Production of High Gossypol Cotton Plants with Low Gossypol Seed from Trispecies Hybrids Including G. sturtianum Willis
Feb 11, 2019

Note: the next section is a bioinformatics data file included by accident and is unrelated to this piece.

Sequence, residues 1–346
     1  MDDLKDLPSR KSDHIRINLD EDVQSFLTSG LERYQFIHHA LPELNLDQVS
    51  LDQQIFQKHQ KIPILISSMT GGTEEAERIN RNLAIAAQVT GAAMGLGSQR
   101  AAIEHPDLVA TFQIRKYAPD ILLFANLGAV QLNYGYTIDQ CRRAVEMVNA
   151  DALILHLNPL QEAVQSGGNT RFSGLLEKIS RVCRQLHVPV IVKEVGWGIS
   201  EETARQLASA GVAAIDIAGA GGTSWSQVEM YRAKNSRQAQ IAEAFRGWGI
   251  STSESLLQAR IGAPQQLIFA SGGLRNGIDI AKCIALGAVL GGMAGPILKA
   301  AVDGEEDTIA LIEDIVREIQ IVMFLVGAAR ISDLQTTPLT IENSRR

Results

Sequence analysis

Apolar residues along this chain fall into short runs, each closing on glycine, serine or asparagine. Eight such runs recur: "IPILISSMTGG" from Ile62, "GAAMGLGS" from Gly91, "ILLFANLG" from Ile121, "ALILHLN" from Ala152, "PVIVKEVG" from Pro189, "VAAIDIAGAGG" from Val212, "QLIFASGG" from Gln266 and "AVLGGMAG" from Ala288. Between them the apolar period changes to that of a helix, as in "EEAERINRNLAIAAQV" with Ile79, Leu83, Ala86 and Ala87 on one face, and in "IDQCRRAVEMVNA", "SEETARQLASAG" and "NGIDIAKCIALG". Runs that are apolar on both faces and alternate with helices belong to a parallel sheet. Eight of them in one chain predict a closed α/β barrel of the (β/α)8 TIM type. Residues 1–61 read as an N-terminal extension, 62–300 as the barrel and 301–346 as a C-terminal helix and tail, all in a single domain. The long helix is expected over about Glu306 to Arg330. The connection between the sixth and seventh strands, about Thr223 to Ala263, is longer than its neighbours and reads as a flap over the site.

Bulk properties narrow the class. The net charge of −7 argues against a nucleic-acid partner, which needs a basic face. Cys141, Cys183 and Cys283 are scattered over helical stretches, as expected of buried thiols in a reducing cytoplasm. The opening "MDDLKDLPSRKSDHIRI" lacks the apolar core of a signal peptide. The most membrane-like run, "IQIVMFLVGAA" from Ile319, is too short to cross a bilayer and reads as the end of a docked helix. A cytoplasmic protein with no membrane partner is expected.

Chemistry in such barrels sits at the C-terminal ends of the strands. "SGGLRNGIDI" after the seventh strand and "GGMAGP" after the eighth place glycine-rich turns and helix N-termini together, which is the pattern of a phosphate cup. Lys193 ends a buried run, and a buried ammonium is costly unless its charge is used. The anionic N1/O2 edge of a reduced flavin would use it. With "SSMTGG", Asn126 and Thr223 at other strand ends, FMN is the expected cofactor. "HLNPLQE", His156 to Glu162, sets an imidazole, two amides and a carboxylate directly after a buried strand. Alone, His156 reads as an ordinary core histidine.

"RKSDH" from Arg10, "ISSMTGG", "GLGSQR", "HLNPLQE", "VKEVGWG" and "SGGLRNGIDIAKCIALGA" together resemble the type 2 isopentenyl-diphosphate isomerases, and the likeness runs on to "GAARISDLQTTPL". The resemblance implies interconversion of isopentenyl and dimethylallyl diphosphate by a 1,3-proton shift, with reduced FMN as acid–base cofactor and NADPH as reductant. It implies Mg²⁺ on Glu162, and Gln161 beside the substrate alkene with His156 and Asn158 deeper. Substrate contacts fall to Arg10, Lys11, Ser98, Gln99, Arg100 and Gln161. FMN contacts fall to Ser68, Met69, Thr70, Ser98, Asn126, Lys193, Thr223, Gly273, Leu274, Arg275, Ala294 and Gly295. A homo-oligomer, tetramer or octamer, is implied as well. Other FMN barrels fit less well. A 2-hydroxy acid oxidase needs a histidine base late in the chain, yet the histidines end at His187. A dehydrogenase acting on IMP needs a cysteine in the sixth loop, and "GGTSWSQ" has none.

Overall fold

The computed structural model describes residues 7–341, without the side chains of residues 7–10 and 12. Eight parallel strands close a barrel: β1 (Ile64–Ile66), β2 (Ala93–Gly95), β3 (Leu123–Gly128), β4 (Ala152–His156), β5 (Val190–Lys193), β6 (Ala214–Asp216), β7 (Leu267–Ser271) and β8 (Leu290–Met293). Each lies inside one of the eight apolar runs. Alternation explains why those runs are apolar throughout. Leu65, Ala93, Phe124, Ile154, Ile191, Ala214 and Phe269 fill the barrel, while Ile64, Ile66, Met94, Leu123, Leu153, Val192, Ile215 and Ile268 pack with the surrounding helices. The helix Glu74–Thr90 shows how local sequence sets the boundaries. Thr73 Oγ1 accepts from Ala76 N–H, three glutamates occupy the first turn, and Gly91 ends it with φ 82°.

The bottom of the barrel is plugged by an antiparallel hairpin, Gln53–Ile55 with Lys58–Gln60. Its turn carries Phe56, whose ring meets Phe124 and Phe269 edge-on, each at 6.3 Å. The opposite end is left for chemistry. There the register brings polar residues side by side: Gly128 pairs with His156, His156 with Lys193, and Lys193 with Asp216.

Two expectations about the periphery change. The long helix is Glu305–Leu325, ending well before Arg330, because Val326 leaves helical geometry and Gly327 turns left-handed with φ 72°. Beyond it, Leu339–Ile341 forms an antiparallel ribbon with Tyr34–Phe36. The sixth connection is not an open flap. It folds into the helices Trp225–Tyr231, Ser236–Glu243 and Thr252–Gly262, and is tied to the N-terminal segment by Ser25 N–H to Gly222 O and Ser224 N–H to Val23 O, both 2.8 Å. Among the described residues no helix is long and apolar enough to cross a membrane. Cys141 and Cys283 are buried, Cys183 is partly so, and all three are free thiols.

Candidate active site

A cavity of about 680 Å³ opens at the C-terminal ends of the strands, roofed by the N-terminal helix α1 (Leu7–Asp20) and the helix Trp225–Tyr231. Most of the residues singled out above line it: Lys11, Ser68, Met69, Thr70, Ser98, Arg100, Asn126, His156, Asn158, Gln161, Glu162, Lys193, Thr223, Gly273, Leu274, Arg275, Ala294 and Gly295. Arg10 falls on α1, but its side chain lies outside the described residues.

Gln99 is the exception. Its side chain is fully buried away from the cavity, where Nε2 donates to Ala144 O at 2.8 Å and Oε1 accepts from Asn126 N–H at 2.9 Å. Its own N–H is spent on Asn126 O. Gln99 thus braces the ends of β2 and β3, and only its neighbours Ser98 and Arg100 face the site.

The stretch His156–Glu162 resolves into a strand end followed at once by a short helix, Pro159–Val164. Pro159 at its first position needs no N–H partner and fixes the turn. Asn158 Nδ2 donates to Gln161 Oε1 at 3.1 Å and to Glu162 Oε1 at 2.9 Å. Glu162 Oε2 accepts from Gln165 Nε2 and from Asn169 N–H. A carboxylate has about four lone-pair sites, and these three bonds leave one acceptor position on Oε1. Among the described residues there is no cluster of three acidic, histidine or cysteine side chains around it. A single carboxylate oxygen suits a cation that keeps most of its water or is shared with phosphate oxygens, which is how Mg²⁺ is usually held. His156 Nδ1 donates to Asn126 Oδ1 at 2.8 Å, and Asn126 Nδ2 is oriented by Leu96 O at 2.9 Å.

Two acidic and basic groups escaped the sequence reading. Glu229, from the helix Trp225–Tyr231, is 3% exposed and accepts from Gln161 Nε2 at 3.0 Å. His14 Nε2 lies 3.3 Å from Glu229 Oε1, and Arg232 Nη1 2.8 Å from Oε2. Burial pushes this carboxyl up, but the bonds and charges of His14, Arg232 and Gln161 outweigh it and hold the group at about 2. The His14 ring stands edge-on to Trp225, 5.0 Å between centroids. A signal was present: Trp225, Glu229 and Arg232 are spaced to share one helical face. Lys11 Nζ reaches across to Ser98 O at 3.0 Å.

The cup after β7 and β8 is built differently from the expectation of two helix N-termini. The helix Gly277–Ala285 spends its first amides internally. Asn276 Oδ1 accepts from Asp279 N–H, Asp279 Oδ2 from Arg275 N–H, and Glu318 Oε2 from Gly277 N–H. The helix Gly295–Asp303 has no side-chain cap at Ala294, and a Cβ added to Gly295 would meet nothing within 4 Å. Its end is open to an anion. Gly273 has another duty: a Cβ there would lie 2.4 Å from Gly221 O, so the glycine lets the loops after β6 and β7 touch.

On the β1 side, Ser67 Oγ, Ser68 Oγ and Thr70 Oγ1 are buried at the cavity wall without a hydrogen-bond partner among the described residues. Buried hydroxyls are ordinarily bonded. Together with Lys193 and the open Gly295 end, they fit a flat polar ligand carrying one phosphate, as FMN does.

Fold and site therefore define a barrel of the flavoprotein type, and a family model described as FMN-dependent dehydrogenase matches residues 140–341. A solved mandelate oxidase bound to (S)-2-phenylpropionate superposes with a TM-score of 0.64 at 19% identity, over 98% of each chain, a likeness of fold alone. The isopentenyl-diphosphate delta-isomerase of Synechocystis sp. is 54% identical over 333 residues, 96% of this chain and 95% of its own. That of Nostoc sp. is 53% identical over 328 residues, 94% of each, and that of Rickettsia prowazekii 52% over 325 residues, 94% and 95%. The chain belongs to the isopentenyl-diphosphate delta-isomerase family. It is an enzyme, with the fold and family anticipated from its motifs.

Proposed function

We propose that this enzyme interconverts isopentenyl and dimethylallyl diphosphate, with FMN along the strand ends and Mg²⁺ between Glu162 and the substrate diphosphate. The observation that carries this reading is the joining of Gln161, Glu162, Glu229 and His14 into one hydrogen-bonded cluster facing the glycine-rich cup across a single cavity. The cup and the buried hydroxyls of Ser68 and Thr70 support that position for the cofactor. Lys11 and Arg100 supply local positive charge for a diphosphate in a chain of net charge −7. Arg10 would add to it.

Two tri-species hybrids that include G. hirsutum L. (2n=4X=52 (AD genome)) were created to develop upland cotton plants with low gossypol seed and high gossypol aerial parts. G. sturtianum Wil. was used as the donor parent (2n=2x=26, genome C1) and a wild American diploid cotton, G. thurberi Tor. (2n=2x=26, genome D1) or G. raimondii Ulb. (2n=2x=26 genome D5) as bridge species. Both tri-species hybrids were backcrossed to different G. hirsutum varieties, originating from Central and West Africa to produce BC1, BC2, selfed BC2 and BC3 seeds. Growth regulators applications at flowering, in vitro culture of the mature seed embryos and grafting of the more perturbed hybrids on vigorous G. hirsutum seedlings were necessary to obtain a large number of viable hybrid material. A drastic reduction of the gossypol gland density was expressed by at least 25% of the seeds of each backcross generation while the aerial parts of the resulting plants were normally glanded. Mortality rates of germinating seed and young plantlets were very high (76%) for BC1 material but decreased markedly in following generations. Cytogenetic observations confirmed the soundness of the introgression strategy. Both tri-species hybrids and several BC1 and BC2 genotypes issued from nearly totally glandless seeds were fertile and showed high frequencies of multivalent and chiasma formations at metaphase I, indicating important genetic material exchanges.